The Handbook
The Handbook

What? “Ah, meester Bond, I’ve been expecting you. Here’s your table, I’ll get you a menu”. Okay, so it’s not quite Dr No, but there’s something distinctly Bond-Villain-Lair about M Restaurant on Victoria Street, a hidden subterranean hideaway beneath the mysterious ‘Zig Zag Building”. But is it Stromberg’s Atlantis or just a Zorin’s Blimp?

Where? The restaurant is based in the strikingly isometric Zig Zag on Victoria Street, a building that wouldn’t be out of place on a Bond movie location scout’s long-list, though the activities within are that other face of world domination, mainly hedge funds.

The Look: It’s all very Tinker, Tailor and espionage-y, hidden entrances and so on. I arrange to meet my ‘contact’ at the restaurant but perplexingly I can’t find it! Pacing up and down Victoria Street I can see there’s a Mango outlet and a Hugo Boss, and an upmarket wine shop; very showy with an impressive champagne display in the window. Running a little early and channelling my (not so)-inner-alcoholic I decide to browse the wines on sale and it’s only as I’m scouring label on an English sparkling that I notice a group of people quitely descending down a staircase behind the counter which I had assumed led to the stock room. In reality it’s the entrance to the restaurant itself. Q-branch would be proud.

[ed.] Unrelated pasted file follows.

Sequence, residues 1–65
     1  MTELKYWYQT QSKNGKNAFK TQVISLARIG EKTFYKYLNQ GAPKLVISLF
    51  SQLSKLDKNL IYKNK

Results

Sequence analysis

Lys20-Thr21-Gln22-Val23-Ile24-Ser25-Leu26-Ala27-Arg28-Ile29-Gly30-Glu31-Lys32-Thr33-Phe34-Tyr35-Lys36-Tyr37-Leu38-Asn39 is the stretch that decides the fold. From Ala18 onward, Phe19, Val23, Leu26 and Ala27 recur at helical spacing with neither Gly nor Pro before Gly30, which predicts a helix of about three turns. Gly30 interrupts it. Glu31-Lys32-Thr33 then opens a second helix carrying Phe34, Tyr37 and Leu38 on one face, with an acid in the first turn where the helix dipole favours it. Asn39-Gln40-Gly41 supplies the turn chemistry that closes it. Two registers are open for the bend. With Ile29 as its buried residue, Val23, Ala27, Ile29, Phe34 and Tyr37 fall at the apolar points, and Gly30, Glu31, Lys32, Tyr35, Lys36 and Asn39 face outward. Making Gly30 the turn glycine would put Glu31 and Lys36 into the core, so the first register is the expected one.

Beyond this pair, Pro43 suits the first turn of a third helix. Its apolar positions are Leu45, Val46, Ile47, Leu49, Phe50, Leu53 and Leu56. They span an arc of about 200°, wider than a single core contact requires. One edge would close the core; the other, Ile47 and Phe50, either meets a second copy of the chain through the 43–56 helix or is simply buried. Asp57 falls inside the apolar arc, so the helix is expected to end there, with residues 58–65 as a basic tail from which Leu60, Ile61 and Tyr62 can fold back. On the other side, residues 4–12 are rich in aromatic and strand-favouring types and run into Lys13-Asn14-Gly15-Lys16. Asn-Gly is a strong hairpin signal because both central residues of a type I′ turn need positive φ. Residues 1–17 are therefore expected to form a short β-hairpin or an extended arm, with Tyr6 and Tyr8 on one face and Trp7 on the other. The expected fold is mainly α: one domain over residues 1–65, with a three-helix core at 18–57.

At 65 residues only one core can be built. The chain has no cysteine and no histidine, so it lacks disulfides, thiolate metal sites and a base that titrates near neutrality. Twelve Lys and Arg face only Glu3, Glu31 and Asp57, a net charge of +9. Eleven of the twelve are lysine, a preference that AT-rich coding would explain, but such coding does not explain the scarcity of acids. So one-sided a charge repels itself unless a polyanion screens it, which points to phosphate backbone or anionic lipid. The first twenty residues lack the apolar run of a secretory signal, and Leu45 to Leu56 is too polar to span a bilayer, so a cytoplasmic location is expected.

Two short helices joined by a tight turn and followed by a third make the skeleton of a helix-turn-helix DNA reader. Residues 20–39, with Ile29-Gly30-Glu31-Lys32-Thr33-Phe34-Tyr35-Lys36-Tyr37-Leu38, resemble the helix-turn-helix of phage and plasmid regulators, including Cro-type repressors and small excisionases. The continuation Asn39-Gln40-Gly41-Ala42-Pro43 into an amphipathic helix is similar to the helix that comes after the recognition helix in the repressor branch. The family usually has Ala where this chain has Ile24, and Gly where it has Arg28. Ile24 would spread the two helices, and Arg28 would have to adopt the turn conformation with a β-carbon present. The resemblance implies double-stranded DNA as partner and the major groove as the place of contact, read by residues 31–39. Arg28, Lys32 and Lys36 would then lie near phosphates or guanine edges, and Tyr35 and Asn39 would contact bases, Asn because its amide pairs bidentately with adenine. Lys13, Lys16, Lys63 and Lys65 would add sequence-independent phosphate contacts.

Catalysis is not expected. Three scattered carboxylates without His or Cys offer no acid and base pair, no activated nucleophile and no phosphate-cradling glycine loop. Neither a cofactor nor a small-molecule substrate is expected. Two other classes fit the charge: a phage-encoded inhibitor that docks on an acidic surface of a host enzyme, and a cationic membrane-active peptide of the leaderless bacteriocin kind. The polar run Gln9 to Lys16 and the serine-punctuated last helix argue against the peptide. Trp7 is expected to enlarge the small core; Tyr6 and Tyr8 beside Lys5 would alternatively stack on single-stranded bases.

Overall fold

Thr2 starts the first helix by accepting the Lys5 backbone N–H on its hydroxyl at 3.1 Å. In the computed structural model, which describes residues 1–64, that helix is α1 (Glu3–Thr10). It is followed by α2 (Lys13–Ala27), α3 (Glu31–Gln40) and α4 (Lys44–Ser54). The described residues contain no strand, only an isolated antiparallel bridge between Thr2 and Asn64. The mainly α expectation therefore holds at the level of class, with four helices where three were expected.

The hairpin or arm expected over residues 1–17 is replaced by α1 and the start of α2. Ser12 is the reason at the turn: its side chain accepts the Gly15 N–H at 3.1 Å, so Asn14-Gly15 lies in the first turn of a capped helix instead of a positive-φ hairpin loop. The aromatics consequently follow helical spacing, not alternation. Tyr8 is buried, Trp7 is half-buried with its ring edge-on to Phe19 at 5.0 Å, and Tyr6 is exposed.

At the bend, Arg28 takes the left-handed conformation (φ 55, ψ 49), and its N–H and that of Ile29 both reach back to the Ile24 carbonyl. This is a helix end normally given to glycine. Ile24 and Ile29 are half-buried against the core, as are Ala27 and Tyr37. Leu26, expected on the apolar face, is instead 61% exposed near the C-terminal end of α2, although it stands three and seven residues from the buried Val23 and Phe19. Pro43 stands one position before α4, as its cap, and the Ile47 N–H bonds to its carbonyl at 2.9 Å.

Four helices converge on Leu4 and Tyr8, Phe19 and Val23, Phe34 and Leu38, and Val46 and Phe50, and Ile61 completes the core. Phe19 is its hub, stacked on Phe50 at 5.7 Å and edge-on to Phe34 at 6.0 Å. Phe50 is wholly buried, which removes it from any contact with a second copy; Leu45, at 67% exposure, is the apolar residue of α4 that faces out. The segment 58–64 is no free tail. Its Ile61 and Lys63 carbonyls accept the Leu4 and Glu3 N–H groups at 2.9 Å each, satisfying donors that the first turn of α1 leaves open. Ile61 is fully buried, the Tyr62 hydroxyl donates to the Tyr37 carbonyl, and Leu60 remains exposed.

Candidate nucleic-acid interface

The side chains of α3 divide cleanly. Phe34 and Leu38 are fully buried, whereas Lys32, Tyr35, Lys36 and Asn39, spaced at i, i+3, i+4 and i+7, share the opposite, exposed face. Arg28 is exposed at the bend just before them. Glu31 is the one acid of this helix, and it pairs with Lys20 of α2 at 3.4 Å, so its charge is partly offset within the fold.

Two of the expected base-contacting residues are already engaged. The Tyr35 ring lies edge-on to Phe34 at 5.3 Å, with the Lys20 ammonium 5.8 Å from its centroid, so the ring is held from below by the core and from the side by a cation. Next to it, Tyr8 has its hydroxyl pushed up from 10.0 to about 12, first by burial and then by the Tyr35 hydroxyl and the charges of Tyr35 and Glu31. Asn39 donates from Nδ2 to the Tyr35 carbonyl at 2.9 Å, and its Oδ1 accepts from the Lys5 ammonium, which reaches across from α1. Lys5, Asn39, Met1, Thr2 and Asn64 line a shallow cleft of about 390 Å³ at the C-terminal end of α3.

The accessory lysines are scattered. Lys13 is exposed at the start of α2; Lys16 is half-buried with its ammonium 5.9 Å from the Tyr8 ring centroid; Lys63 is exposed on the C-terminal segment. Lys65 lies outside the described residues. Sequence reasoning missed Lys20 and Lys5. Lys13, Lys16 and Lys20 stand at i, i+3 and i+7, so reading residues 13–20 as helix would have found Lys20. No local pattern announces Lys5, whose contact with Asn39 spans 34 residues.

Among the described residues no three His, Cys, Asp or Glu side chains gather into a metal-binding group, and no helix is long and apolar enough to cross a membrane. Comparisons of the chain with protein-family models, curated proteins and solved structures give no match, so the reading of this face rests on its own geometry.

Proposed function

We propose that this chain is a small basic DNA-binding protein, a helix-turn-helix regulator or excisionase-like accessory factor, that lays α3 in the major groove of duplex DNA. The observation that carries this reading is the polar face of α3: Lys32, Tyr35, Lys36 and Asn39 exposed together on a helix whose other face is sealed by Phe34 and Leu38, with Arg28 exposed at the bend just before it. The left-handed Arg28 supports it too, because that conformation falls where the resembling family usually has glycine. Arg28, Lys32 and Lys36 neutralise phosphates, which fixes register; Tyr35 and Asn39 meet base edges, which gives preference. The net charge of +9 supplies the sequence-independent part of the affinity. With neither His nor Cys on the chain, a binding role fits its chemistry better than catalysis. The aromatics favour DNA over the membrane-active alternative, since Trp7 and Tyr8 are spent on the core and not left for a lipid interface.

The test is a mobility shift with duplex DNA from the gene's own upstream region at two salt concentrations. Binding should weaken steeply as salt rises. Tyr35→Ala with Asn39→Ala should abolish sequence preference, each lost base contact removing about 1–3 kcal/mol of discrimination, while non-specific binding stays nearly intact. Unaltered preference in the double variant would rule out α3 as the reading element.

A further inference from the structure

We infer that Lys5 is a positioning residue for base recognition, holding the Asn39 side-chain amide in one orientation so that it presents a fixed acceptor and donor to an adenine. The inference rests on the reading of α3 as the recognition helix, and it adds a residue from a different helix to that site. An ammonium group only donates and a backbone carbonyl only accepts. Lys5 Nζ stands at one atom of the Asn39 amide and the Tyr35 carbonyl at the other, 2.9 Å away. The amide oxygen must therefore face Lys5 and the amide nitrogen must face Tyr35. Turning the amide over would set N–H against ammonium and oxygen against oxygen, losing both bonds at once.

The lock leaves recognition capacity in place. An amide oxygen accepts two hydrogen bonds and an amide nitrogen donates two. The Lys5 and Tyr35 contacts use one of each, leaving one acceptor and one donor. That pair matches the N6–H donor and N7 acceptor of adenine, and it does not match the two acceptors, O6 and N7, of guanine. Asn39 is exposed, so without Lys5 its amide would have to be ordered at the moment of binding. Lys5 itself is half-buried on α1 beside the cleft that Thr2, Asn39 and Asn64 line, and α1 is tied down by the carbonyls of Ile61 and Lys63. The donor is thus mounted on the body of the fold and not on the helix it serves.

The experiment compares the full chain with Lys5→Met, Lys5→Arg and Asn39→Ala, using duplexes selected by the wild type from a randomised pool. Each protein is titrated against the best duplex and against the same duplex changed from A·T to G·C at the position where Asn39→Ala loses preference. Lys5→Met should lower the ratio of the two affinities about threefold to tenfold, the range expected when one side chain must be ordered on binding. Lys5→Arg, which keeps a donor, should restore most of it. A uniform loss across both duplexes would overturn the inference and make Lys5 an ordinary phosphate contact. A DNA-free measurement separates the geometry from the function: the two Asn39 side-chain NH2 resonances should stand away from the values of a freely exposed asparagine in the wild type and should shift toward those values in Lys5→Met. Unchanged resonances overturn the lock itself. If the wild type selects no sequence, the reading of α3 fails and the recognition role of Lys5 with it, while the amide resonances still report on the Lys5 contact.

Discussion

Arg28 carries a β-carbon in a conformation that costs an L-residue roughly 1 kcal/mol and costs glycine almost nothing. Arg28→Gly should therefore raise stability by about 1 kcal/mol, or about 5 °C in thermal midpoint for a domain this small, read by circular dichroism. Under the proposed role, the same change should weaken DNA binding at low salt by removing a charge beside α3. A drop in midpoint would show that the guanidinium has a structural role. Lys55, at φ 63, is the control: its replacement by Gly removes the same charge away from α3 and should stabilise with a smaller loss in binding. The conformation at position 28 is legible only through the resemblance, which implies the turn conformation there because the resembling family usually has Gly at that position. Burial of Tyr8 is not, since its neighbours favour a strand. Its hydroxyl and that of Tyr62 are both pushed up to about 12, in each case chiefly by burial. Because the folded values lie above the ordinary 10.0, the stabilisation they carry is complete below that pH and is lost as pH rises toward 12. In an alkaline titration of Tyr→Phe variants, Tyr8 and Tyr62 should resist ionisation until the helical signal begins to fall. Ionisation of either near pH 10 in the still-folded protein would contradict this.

With my guest now in tow we’re led down the staircase and into the dark and cavernous bowels of the Zig Zag, which opens out into a dark and very loud bar area. However, approach the bar itself and head straight behind, as though you’re heading into the manager’s office or the room they might keep the urinal cakes in or whatever. In fact it’s a secret door through to M’s private members’ club.

There is, a well informed fellow once told me, a particular Soho pub that’s a favourite for intelligence community parties precisely because the entrance to the private room is hidden behind the bar. The fact it confounds guests who would never think to stray beyond the servers tickles the spooks. This is equally beguiling and secretive and we loved it.